How the Gus Schumacher Produce Prescription Program Works: An Adaptation of a Nutrition Incentive Theory of Change (peer-reviewed)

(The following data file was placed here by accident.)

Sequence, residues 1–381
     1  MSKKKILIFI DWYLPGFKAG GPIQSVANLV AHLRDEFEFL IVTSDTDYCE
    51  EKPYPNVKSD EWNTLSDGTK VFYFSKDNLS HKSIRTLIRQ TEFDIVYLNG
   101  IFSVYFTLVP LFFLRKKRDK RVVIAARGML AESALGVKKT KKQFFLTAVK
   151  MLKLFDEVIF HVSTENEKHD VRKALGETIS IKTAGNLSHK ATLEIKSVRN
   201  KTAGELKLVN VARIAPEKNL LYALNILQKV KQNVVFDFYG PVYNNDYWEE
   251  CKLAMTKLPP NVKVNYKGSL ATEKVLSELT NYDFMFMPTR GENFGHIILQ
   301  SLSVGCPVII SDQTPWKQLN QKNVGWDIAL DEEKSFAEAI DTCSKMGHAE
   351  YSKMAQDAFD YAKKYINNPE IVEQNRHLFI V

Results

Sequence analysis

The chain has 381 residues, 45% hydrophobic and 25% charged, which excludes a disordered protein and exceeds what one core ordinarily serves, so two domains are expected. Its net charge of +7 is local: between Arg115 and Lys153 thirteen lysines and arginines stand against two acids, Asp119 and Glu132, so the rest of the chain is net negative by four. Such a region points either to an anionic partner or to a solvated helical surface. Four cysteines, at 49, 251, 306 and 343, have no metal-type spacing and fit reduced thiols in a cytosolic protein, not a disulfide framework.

The United States Department of Agriculture’s Gus Schumacher Nutrition Incentive Program (GusNIP) supports nutrition incentive (NI) and produce prescription programs (PPRs). PPRs allow healthcare providers to “prescribe” fruits and vegetables (FVs) to patients experiencing low income and/or chronic disease(s) and who screen positive for food insecurity. We developed a Theory of Change (TOC) that summarizes how and why PPRs work, identifies what the programs hope to achieve, and elucidates the causal pathways necessary to achieve their goals. We created the PPR TOC through an iterative, participatory process that adapted our previously developed GusNIP NI TOC. The participatory process involved food and nutrition security experts, healthcare providers, PPR implementors, and PPR evaluators reviewing the existing NI TOC and suggesting modifications to accurately reflect PPRs. The resulting TOC describes the mechanisms, assumptions, rationale, and underpinnings that lead to successful and equitable outcomes. Modifications of the NI TOC centered around equity and focused on inclusion of healthcare as an additional partner and the importance of health and healthcare utilization as outcomes. The TOC describes how the GusNIP PPR program reaches its goals. This understanding will be useful for PPR developers, implementers, funders, and evaluators for describing the pathways, assumptions, and foundations of successful PPRs.

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